Some ex-students left with bitter taste after ITT Tech closure

ITT Tech students' choice: debt or credits

DOUGLASVILLE, Ga. -- Some students say they have spent more than $100,000 with ITT Technical College for their education, only to find that the institution suddenly announced Tuesday it was closing all of its campuses permanently.

Now, those students are trying to figure out their next move.

Standing outside their former school, reality is beginning to set in.

Ashley Hicks is a single mom, and a student at the ITT Tech campus in Douglasville.

It was like everything to me," she said. "I've worked so hard, and now I feel like I'm going to have to start over. It was kind of like a dream school for me to go to."

She had her sights set on a degree in electrical engineering and plans for a better life.

"I wanted something more for my kids; more for myself," she said. "It's more about the accomplishment and showing my kids I went to college and got a degree -- and if I can do it, you can do it."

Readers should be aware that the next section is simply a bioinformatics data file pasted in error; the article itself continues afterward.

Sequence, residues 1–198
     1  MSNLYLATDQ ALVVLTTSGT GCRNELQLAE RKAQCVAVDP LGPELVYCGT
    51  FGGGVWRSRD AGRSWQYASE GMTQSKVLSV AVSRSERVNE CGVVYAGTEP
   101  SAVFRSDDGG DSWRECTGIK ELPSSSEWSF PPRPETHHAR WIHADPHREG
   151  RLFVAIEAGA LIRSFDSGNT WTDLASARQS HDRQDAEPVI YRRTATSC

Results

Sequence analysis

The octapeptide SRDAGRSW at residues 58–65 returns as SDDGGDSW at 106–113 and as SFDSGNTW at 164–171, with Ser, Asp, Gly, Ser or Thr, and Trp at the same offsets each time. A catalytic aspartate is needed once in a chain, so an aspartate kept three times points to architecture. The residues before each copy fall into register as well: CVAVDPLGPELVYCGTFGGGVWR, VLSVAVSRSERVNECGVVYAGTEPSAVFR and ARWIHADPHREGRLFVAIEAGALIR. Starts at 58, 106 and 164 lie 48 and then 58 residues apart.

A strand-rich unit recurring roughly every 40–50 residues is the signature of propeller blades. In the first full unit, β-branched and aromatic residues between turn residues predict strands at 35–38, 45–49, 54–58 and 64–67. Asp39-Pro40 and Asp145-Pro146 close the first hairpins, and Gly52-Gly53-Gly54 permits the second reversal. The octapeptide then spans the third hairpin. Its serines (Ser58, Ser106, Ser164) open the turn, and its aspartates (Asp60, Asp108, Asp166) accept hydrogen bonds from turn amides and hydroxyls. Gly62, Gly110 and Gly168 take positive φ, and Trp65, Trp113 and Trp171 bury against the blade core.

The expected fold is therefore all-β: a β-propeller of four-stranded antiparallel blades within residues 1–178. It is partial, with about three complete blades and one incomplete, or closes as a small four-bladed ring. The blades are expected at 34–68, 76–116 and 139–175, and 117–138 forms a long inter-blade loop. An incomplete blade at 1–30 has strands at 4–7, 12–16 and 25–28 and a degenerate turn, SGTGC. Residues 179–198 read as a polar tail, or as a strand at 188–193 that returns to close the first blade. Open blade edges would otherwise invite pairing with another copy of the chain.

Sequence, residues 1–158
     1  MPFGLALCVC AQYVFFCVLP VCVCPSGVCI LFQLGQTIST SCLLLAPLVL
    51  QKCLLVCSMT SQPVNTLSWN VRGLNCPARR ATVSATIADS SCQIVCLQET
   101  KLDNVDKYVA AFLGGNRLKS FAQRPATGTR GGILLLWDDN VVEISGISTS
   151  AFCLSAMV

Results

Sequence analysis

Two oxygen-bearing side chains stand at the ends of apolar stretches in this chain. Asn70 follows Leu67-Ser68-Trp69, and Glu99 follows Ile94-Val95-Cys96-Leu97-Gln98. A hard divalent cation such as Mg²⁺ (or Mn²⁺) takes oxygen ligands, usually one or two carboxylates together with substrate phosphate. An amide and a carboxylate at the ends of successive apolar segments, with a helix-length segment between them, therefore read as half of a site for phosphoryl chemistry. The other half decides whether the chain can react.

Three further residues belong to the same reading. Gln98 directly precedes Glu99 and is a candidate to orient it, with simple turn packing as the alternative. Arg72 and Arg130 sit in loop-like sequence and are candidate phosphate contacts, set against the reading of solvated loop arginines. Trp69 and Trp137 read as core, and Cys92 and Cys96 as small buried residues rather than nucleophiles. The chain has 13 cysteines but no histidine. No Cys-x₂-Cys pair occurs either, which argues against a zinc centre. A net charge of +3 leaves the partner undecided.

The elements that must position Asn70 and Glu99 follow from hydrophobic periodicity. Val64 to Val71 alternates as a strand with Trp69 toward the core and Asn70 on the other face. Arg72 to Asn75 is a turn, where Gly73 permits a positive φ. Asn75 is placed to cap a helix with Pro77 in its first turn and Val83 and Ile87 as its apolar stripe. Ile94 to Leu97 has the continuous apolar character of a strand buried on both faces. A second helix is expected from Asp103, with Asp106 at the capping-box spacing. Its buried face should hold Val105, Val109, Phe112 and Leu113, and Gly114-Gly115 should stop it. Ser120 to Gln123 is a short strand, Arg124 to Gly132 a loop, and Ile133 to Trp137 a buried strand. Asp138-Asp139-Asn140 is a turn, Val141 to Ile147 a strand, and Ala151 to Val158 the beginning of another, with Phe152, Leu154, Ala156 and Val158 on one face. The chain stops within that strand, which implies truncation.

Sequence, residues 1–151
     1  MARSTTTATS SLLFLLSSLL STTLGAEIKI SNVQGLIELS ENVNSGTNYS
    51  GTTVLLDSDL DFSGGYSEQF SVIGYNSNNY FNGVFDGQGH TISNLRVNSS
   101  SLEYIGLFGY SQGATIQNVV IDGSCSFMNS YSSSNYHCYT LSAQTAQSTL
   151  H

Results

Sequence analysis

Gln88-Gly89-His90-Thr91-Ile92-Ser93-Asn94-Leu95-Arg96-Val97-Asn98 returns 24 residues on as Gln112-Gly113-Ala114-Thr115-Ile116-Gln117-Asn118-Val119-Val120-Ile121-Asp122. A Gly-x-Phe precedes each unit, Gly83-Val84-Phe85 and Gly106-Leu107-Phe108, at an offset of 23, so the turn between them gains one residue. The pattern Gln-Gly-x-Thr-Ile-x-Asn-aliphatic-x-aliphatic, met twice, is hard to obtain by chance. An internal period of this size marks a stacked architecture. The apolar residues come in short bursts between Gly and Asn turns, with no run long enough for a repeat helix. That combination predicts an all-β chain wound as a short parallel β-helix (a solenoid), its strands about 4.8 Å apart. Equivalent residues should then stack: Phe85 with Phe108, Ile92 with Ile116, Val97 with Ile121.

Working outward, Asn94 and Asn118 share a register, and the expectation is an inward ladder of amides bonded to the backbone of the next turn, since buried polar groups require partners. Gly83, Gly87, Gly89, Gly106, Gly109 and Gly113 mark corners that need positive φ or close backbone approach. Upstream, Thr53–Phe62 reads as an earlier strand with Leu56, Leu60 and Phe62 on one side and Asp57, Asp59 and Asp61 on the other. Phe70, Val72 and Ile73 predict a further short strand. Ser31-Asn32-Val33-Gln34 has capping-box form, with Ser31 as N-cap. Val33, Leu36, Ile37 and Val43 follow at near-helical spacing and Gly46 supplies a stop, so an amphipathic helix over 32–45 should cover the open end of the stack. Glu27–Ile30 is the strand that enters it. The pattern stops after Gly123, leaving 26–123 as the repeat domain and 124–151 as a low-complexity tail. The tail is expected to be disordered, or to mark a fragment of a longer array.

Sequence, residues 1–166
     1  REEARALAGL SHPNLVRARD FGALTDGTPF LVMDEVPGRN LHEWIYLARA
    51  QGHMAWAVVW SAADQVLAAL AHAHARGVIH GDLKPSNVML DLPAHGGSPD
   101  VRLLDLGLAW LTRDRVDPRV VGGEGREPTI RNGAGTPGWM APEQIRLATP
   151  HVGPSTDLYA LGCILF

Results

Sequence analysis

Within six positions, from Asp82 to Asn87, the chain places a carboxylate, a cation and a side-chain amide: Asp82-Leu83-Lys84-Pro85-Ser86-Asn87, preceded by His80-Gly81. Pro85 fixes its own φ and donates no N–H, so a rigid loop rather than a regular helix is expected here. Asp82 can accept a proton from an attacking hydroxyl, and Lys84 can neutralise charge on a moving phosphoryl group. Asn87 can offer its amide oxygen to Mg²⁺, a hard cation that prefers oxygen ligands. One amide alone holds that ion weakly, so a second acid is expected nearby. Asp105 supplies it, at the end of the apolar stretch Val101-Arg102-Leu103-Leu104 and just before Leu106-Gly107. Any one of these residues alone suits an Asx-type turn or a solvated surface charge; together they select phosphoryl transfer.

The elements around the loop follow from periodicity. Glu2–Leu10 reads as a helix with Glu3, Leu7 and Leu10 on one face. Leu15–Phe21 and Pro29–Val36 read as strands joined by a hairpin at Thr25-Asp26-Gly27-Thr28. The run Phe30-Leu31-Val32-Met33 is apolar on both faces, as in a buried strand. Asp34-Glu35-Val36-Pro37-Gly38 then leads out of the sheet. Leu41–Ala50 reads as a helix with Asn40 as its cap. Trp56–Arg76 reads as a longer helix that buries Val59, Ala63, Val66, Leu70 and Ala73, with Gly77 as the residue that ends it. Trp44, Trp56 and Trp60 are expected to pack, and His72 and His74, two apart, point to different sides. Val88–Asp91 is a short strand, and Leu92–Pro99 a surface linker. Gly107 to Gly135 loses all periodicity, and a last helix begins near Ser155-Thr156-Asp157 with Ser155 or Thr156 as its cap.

A national webinar for ITT Technical Institute Students with questions will be held on Wednesday, September 7 at 10 a.m., 12 noon and 2 p.m. eastern time. For more information, click here

Jennifer Camp, also a single mom, had similar goals.

"Without this, I can't really do what I want to do with my life," she said.

ITT Tech announced Tuesday it is closing all of its doors nationwide for good. Blaming it on the US Department of Education's decision to keep it from enrolling students using federal aid, the for-profit company has been at the center of state and federal investigations into its practices.

"Really, I mean more than anything, I am in shock," Camp said.

Current students are left in limbo. Some former students, like April Tubens, are still looking for a job.

"Mine was a waste," Turbens said. "job placement is like a joke. They literally go onto like Google and Craigslist and shoot the emails to you, and it's like I could do that myself!"

Tubens graduated from ITT Tech in 2010 with a bachelor's degree in criminal justice. Six years later, she is still a dental assistant.

They don't care about your education," she said. "They just want your money."

The Department of Education says students are left with one of two options: Walk away debt free, but back to square one -- or take your credits and all that debt to a school that will accept you. It's a tough choice for sure, but one that so many are going to have to make.

(© 2016 WXIA)


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